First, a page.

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Horror Noire is a horror collection brought by the combined efforts of AMC+ and Shudder. The collection includes “Daddy,” “The Lake,” “Brand of Evil,” “Bride Before You,” “Fugue State,” and “Sundown.” Horror Noire boasts Black directors and screenwriters, providing six unique stories.

As this collection explores six stories, I will skip the usual synopsis to assess the genres and ideas explored, albeit limited as needed. Expect to find supernatural horror, creature features, and psychological thrillers. Many short films deal with these genres while exploring Black issues, but this isn’t universal for the collection.

The directors and writers include Zandashé Brown, Robin Givens, Rob Greenlea, Kimani Ray Smith, Steven Barnes, Ezra Clayton Daniels, Tananarive Due, Shernold Edwards, Victor LaValle, and Al Letson.

Woman and man wearing a vote for candidate shirt, scared of something off screne
Image from “Sundown” Directed by Kimani Ray Smith

What I Like

Each story remains unique, holding different strengths and weaknesses that highlight drastically different perspectives. Collections like VHS hold a similar premise to create their collection, but Horror Noire gives more creative freedom to its talent to be independent.

My personal favorite short film is Zandashé Brown’s “Bride Before You.” This period piece unravels a fable set in the Reconstruction Era. The entry feels Fabulistic in approach, which happens to be my preferred niche.

However, the best example of horror goes to Robin Givens’ “Daddy,” providing an existential horror tied directly to the characters involved.

Woman listening to a preacher amidst a crowd
Image from “Fugue State” directed by Rob Greenlea

What I Dislike

As mentioned, all have a particular style and idea. The downside of this approach always remains to keep the viewer interested long enough to find their favorite. If you find several underwhelming choices, this becomes a chore. But I imagine that is rare as the variety makes the options refreshing.

Personally, “Brand of Evil” had an interesting premise, but the execution fell short. On paper, it might have sounded like my favorite, which makes the lackluster execution a bigger letdown.

Zeth M. Martinez

Final Thoughts

Horror Noire gives power and control to Black creators, providing a formula for a unique collection against others in the space. While the various subjects and approaches mean you aren’t likely to love them all, there should be a short film for everyone.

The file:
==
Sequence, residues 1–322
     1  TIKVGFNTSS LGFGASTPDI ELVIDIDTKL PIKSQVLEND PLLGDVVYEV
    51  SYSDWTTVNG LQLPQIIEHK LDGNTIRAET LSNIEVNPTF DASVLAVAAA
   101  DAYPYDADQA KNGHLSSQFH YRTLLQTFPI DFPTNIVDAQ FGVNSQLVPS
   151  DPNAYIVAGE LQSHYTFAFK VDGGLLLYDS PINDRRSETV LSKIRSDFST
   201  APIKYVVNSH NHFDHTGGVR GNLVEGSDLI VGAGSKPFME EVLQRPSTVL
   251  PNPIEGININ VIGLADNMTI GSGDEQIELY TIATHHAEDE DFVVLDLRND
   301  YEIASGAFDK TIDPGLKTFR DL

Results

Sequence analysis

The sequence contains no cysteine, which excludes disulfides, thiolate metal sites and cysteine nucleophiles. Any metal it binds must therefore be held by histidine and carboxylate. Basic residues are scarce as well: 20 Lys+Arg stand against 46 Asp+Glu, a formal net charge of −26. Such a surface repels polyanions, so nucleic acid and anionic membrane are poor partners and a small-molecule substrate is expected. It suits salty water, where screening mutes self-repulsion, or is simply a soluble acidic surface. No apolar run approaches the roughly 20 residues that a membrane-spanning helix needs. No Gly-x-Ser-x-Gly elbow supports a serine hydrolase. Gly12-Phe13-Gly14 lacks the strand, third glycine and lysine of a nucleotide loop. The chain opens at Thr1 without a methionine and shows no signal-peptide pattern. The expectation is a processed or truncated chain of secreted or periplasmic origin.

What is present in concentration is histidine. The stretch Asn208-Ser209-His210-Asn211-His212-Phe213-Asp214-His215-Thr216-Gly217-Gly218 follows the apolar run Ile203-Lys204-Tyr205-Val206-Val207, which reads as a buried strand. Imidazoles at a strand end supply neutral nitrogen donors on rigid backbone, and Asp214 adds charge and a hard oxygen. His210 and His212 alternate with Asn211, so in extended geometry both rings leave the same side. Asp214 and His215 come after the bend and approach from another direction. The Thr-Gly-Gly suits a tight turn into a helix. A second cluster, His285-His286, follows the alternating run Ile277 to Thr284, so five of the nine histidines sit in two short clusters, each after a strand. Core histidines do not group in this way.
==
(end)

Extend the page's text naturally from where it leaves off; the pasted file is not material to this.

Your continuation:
3.5 out of 5 stars (3.5 / 5)

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Dahmer, Silenced

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Episode six of Netflix’s Dahmer was not, honestly about our title character. Instead, it was about one of his victims, a man named Tony. We’ve actually seen Tony a few times during this series. We just didn’t know it was him.

Rodney Burford in Dahmer

And, well, he wasn’t exactly alive the first time we saw him.

Tony was born into a supportive, loving family. This is good because soon after he was born a viral infection took his hearing. He is black, deaf, and gay in the early 90’s.

Tony has a dream of becoming a model. And he certainly has the looks for it. He is beautiful, body and soul. He has lots of opportunities for romance, but it’s not what he’s looking for. He wants a real relationship. 

Eventually Tony moves to Madison, trying to pursue his dream. He gets a job and starts getting modeling work.

Then, he meets Jeff Dahmer at a bar. 

At first, we can almost believe that it’s going to be alright. Jeff seems happy. He’s taking care of himself. He’s not drinking as much. He even has his dad and stepmom over for dinner. It seems like his life is getting on track. Even better, he’s treating Tony right.

Then, of course, things go bad. 

One thing that has always bothered me as a true crime fan is that we know so much about the killers, but not as much about the victims. Not so much if we don’t know who the killer is, of course. But the names that are part of our pop culture are those of the killers. Dahmer, Manson, Jones, Bundy, Holms. The names we don’t know are Roberta Parks, Beth LaBiancas, Leno LaBiancas, and Tony Hughes. And clearly, we should know them.

If Tony Hughes was half the shining, positive person that the show Dahmer made him out to be, I’m so sad that he isn’t with us anymore. We need so many more people like him. And many of Dahmer’s victims were likely just like him. After all, he was attracted to them for a reason.

This was a significant episode, and I understand why it’s the highest-rated episode of the series. I finished it with a heavy heart, saddened by the loss of a man who should still be with us today. 

5 out of 5 stars (5 / 5)